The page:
And whilst we are in a better place than we were last week, fundamental problems remain. When it comes to teacher assessment of writing at key stage 2, the central assessment objective – that the pupil can write for a range of purposes and audiences – is broken down into a series of grammatical exemplars: pupils must use "cohesive devices, including adverbials within and across sentences and paragraphs; passive and modal verbs; adverbs, preposition phrases and expanded noun phrases, inverted commas, commas and punctuation for parenthesis…".

What this atomisation does is drive teachers’ attention away from the central aim in development of their pupils’ writing, which is to help them gradually become proficient in a wide range of genres, expressing meaning in different ways, for different purposes and audiences. The danger of over-concentration on the technical aspects of sentence construction is that the very qualities which inform good writing are overlooked: essential questions, such as, in what ways, and how, is the reader moved, persuaded or informed, by this writing? What genres have the pupils been introduced to and how effectively have they mastered their markers? How extensive and appropriate is their use of vocabulary and is it used to good effect? All these questions are left unasked and unanswered.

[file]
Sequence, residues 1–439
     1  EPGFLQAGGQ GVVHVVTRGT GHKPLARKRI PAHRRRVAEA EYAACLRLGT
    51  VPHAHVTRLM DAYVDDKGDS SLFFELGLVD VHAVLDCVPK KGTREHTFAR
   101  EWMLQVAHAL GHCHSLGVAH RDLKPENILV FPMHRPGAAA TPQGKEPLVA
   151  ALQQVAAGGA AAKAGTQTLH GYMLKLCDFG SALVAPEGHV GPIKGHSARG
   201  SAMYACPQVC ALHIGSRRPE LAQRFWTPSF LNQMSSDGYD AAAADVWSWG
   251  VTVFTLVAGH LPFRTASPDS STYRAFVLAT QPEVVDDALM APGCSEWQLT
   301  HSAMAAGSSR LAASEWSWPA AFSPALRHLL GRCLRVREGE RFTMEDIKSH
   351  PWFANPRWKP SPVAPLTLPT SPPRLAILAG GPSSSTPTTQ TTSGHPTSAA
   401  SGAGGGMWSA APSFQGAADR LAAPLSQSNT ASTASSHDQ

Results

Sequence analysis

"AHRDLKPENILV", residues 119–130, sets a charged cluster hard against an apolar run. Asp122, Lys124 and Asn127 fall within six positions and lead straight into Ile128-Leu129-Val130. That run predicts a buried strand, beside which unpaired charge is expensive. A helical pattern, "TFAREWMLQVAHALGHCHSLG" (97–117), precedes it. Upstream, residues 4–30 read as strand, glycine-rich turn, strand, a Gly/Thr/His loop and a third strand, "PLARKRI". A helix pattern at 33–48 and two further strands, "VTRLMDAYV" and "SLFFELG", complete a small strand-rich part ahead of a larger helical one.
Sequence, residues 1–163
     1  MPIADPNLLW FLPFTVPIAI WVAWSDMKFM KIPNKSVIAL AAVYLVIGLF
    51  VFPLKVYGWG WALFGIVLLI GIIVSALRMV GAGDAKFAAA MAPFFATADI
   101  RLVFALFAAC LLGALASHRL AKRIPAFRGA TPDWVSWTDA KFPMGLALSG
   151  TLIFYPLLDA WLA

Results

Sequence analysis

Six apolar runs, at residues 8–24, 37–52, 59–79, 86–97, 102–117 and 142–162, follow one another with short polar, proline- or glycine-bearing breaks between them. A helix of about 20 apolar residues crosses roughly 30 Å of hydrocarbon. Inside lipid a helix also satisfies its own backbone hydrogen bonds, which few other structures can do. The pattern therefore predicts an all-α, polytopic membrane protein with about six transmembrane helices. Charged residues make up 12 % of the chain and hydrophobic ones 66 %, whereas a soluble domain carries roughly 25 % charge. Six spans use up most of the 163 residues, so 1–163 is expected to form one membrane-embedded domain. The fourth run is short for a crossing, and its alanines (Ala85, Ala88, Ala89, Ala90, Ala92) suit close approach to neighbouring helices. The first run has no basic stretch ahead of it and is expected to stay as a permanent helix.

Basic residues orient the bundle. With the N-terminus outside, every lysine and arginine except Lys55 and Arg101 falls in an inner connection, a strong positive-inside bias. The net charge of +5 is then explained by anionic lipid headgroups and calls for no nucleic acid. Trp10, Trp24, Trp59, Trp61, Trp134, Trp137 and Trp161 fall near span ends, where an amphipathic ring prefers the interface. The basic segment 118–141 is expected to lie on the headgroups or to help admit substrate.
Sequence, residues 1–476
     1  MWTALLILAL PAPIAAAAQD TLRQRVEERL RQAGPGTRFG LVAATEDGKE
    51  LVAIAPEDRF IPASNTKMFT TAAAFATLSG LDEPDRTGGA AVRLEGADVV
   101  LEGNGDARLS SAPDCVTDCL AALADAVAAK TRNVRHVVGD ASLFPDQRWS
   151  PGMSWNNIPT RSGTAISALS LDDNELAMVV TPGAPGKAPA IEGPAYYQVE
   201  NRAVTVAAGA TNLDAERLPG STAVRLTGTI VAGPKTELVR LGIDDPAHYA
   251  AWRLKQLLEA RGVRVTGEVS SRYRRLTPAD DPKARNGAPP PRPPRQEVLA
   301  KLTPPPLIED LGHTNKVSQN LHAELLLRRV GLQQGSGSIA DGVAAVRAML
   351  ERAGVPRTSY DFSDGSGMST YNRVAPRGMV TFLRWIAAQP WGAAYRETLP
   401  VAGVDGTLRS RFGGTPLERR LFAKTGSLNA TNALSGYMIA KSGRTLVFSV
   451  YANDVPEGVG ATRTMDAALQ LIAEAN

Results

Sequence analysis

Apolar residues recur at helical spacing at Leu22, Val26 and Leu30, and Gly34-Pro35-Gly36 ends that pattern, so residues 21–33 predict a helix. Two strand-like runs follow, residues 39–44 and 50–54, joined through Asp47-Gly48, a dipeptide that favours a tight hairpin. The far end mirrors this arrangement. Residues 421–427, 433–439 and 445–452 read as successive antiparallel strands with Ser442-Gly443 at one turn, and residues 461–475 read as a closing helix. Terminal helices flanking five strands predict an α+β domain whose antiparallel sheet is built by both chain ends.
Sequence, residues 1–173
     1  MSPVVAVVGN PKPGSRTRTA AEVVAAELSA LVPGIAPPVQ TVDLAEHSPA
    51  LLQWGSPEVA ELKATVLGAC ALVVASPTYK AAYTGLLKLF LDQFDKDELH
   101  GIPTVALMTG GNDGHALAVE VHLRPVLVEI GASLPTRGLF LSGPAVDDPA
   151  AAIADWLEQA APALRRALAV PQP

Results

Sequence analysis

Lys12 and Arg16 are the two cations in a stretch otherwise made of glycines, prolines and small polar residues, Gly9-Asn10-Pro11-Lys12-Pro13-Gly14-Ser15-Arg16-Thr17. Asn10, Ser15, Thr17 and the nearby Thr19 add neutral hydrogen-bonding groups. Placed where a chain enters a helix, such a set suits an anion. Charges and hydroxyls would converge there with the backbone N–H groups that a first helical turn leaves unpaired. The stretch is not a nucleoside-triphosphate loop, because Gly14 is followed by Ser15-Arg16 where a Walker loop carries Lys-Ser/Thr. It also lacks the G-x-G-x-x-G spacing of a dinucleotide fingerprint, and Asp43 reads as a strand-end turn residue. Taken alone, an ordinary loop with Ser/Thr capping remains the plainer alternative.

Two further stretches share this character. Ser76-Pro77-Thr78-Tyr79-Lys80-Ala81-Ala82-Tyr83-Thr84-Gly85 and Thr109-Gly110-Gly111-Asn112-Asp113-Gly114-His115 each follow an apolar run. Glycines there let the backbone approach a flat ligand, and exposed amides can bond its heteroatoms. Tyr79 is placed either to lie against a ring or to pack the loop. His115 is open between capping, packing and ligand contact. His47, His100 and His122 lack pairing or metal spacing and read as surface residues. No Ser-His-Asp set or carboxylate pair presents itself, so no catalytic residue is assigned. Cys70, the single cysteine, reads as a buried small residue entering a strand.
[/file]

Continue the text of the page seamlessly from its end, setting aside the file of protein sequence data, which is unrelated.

So I have, today, written to Ms Morgan to ask her and her ministers to change course and to start to listen to teachers and to their representatives and to involve the profession properly in evaluating this year’s key stage 2 assessment arrangements so that next year’s arrangements can be much improved. We all want educational standards to improve, but rushed and botched education reform has the opposite effect, and no one wants that.

Dr Mary Bousted is general secretary of the ATL union. She tweets as @MaryBoustedATL